Senate Bill 161, requires all new structures in Montana to have a carbon monoxide detector, and it passed both the House and Senate committees by unanimous votes.
But to Scotty Hineman, the bill's success has left him with a heavy heart, "I always thought if we get this passed through, it's going to be such a great victory, and it is, but it is bittersweet".
Ian Hineman, 17, died of carbon monoxide poisoning while he slept in his family's Creston home on December 21st. Through their pain, his family joined forces with Senator Debby Barrett to make sure nobody else suffers the same fate.
"I've never done anything like this before. Like I said, it was a constituent bill, but I could not be happier with the results and I think it was just really time for this piece of legislation and I feel really good about it" Barrett.
The U.S. Health Department has said Montana is the leading state for carbon monoxide-related deaths. The Hinemans say this bill is long overdue.
"I find it sad that us being the leading state in that statistic, we have to wait this long to enact this law."
Hineman said he'll continue to work to make sure other states follow suit and make carbon monoxide detectors mandatory in homes. He says this is just the beginning, "The loss of Ian, this isn't the end for me".
Governor Brian Schweitzer is expected to sign the bill within the next ten days and when he does, Montana will become the 16th state to make carbon monoxide
Beginning April 1, 2009, the Amherst, MA, Police Department may fine homeowners or business owners whose burglar or intrusion alarms summon police unnecessarily.
Town Meeting adopted the false alarm bylaw in May; the attorney general office approved it this fall. The bylaw does not apply to fire alarms or to medical alert alarms that malfunction, only to burglar alarms directly linked to police or to police through an alarm company.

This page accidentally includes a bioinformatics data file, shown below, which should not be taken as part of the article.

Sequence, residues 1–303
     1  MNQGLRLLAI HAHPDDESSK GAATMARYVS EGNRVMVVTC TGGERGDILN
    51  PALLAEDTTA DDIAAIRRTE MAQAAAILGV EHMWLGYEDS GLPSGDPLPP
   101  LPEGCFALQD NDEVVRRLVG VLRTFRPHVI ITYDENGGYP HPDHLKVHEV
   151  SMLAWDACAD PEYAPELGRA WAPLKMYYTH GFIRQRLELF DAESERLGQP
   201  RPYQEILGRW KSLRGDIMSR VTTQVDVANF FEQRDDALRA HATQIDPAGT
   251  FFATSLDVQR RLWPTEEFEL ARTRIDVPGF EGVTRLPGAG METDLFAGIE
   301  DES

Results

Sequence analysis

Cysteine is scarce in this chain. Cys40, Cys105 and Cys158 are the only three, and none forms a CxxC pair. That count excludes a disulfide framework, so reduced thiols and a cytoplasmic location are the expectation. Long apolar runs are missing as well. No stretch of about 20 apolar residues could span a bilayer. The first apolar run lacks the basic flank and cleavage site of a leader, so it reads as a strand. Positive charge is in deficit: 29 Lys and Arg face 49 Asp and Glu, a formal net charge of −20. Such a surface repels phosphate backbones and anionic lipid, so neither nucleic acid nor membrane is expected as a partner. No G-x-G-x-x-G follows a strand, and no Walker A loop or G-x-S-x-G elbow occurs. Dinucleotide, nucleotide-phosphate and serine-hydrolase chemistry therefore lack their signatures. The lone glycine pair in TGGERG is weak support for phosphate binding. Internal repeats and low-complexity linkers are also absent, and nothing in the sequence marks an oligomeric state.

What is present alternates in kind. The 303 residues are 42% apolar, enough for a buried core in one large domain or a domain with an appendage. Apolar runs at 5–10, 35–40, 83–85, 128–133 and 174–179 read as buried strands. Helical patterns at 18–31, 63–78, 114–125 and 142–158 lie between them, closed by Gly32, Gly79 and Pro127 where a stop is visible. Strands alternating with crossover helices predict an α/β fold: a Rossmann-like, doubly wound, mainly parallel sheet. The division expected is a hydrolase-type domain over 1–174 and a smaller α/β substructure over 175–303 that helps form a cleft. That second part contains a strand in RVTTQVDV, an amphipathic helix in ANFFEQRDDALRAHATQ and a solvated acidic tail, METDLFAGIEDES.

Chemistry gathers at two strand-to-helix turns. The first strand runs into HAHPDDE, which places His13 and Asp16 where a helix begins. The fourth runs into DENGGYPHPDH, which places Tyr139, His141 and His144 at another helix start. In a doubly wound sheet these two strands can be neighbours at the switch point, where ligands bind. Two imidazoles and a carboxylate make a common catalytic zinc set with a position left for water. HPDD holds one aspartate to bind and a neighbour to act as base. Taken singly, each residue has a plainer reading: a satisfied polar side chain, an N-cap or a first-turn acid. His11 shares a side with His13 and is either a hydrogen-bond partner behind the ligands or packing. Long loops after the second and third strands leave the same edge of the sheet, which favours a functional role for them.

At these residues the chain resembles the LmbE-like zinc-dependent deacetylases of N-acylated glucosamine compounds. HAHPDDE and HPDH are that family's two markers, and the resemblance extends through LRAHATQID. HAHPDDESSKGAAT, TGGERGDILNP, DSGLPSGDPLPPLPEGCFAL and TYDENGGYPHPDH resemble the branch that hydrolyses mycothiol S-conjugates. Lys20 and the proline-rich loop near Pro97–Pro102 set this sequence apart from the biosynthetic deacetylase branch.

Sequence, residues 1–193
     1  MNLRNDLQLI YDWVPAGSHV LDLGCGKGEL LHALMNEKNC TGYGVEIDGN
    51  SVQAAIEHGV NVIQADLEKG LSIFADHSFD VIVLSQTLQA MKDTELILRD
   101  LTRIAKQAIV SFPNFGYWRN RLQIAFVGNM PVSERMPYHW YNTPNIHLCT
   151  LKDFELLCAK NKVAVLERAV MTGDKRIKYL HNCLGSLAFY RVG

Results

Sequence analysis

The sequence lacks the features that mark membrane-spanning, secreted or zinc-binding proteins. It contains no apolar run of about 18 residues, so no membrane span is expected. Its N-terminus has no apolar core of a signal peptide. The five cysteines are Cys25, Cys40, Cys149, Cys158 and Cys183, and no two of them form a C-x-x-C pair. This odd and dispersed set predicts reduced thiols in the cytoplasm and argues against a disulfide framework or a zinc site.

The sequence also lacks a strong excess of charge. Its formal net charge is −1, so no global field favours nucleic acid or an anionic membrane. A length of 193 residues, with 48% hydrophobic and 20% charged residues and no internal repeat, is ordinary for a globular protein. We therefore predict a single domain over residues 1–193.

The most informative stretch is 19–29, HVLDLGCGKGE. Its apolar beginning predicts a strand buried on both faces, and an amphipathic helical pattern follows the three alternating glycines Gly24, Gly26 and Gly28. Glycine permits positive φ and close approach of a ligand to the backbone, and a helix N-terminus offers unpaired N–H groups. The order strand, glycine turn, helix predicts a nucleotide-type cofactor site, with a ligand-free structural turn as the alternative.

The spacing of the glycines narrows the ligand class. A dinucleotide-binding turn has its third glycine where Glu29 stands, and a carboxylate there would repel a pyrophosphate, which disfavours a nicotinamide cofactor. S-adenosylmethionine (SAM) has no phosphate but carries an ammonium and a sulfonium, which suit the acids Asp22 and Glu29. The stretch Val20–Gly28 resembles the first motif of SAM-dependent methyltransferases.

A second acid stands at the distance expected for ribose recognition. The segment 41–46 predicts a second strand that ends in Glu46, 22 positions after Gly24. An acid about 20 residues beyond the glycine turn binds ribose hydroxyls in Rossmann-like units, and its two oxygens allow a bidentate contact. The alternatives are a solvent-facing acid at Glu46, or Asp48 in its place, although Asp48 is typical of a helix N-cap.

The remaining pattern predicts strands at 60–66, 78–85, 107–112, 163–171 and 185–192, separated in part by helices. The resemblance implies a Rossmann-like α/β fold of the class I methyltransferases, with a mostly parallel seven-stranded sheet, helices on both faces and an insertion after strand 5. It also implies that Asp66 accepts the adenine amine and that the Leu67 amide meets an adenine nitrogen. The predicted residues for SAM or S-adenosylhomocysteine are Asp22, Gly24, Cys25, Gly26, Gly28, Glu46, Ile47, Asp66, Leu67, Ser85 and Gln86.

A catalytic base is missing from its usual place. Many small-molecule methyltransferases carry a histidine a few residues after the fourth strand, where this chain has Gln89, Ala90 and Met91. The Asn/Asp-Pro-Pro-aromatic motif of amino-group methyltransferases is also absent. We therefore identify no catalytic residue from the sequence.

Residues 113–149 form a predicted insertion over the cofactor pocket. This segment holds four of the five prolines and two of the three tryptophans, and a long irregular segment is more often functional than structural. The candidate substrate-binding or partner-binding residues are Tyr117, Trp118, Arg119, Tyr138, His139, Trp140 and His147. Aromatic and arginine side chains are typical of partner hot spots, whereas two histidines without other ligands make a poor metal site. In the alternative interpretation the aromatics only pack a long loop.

Police delayed implementing fines because they wanted to give residents and business owners time to work with their alarm companies to repair systems not working appropriately.
According to the bylaw police will issue warnings for the first three responses in a 12-month period then impose a $50 fine on the fourth.
Subsequent false alarms within that time period would result in fines of $75, $100, $150 and $200.
The proposal was initiated last year by Stanley F. Gawle, treasurer of Amherst Taxpayers for Responsible Change. The idea is to reduce the number of police calls to the false alarms and to generate revenue.
Police began issuing warnings Jan. 1 but those will not be counted toward fines. That begins April 1.
Easthampton and Northampton are among other communities that have adopted such bylaws.
"It's a major safety issue," Police Chief Charles L. Scherpasaid. "We've become complacent."
When an alarm sounds officers must respond quickly to what could be an emergency, and they are taken away from other work, he said.
A bill requiring carbon monoxide detectors in Colorado will be signed into law
on March 24, 2009, by the governor.
Signing of the "The Lofgren and Johnson Family Carbon Monoxide Safety Act," House Bill 1091, by Gov. Bill Ritter takes place at 3:30 p.m. at Denver Fire Station No. 10.
The new law, which requires carbon-monoxide detectors in new and resold homes and rental properties, is named after members of the Lofgren family from Denver and Lauren Johnson, a 23-year-old University of Denver graduate student.